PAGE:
Getting Lenders to Compete for Student Loans

Nikhil Agarwal, Contributor
Chris Abkarians, Contributor

What is the problem you are trying to solve?
Individuals taking loans have no leverage to negotiate their rates. At the same time, lenders spend considerable resources marketing to potential borrowers.

What is your solution?
We use group buying power to negotiate down student loan interest rates. We attract a large number of students to sign up, offering them a low interest rate loan if we are successful in negotiating with the lenders. Organizations that have the student’s best interest at their heart help us by telling their student members about us and what we do. Once we have a critical mass of students, we ask lenders to compete for making an exclusive offer to the students in the group. Then, we compare all the offers we receive, select the one that will save students the most money and share it with the students. At that point, students can decide whether they like the loan that was negotiated and apply directly to the lender to obtain the negotiated deal.

Who is the team behind LeverEdge?
We (Chris and Nikhil) are currently running LeverEdge. We have a ton of support from the Harvard Innovation Lab Venture Incubator Program, the Harvard Law School Transactional Law Clinic, and the Rock Incubator Program. We are further supported by a network of advisors who are experts in relevant industries and a venture capital firm that has made a small investment in us. UpWork has been a blessing as well.

What was the inspiration behind LeverEdge?
A few students in Israel were able to get a discounted interest rate on their student loan when they approached the bank as a group and asked for it. Chris and I decided that we wanted to try this in the United States.

How did you get started?
In the summer before joining HBS, inspired by the students in Israel, we posted in the admitted students GroupMe chat about what we wanted to do and asked whether students were interested in joining us. When more than 50 people responded, we knew we had a struck a pain point for students.

So we eagerly walked into local bank branches, pitched our proposal, and quickly got … nowhere. Branch managers ultimately did not have the ability to make decisions on interest rates, nor were they able to elevate our request to someone who could.

Not ready to give up, we decided to contact more senior decision makers, and cold-emailed the CEOs of banks, fintech companies, and credit unions with the same proposal. To our surprise, many of them replied! Problem was, they wanted way more people involved.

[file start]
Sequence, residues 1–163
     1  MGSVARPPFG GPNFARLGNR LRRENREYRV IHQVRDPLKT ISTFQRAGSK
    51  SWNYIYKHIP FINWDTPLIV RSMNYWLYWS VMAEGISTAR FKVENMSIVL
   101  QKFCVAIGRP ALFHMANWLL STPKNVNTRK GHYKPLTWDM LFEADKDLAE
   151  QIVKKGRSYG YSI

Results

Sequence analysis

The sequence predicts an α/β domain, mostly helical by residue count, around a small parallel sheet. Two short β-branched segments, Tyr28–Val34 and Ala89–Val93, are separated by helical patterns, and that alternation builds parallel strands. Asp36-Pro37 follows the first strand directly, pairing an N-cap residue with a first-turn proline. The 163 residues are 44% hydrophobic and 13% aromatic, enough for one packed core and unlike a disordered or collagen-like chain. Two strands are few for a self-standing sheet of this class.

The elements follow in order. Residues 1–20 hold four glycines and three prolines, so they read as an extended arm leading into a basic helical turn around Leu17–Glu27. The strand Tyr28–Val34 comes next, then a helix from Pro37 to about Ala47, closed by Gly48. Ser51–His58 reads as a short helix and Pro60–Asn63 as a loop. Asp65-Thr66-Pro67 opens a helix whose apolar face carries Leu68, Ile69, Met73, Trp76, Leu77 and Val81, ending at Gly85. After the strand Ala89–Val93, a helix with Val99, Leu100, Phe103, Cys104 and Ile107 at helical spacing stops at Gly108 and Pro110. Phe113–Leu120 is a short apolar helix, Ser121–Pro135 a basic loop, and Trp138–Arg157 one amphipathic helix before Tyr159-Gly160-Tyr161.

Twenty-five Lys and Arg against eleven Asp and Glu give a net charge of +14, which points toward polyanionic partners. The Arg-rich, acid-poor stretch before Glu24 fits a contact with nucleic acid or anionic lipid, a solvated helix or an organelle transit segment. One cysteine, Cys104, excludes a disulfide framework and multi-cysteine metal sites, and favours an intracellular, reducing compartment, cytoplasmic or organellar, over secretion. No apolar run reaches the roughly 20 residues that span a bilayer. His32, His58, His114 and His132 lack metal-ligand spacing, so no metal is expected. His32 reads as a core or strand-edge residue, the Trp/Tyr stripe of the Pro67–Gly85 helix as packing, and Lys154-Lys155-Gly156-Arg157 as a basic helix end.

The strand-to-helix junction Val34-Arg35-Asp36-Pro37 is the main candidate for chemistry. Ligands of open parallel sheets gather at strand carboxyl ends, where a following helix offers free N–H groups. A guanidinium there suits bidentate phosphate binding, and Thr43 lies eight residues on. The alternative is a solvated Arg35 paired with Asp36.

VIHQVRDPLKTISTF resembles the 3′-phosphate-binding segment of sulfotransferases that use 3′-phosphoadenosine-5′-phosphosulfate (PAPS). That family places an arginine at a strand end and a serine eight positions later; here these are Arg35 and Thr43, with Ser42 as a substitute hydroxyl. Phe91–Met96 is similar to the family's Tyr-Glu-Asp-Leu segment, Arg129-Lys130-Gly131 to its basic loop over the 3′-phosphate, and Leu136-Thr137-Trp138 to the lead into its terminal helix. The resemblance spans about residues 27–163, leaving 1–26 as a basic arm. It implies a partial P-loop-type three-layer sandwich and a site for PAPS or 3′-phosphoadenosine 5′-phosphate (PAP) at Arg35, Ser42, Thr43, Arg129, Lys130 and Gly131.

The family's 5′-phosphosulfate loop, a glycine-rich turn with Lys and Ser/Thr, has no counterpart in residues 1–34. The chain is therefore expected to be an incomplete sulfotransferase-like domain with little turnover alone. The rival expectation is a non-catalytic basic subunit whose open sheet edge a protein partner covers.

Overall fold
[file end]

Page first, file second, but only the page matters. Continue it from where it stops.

So, we tapped every contact we knew, steadily growing the pool to over 700 people across 10 MBA programs! The original members were extremely helpful in spreading the word about our initiative.

With the larger volume in potential loans, we were able to run a competitive bidding process with multiple lenders, negotiate rates and terms, and select a partner who drove down borrowing costs for the vast majority of people in our group.

Ultimately, 400+ students took over $25M in loans through the negotiated deal and saved over $3.3M compared to the federal loan options available.

What’s next?
Encouraged by the success of our summer experience, we are currently expanding our initiative to cover hundreds of graduate programs across the United States including business, law, medicine, pharma, and dental programs. You can learn more on our website,

Nikhil Agarwal (MBA ’20) is originally from India and graduated from University of Illinois at Urbana-Champaign  in 2012. Prior to HBS, he worked at Boeing as an engineer for six years. In parallel, his academic pursuits included data mining and digital marketing topics. Ask Nikhil how many bolts are required to separate an engine from an airplane (if you never want to fly again).

Chris Abkarians (MBA ’20) graduated from Duke University in 2012. Prior to HBS, he worked at Netflix, managing over $2B content deal negotiations. He was responsible for creating the metric by which viewership and value are measured across the company and helped launch the TV catalog in dozens of countries. Prior to Netflix, Chris worked in management consulting. If you don’t like what’s on Netflix, it’s not his fault.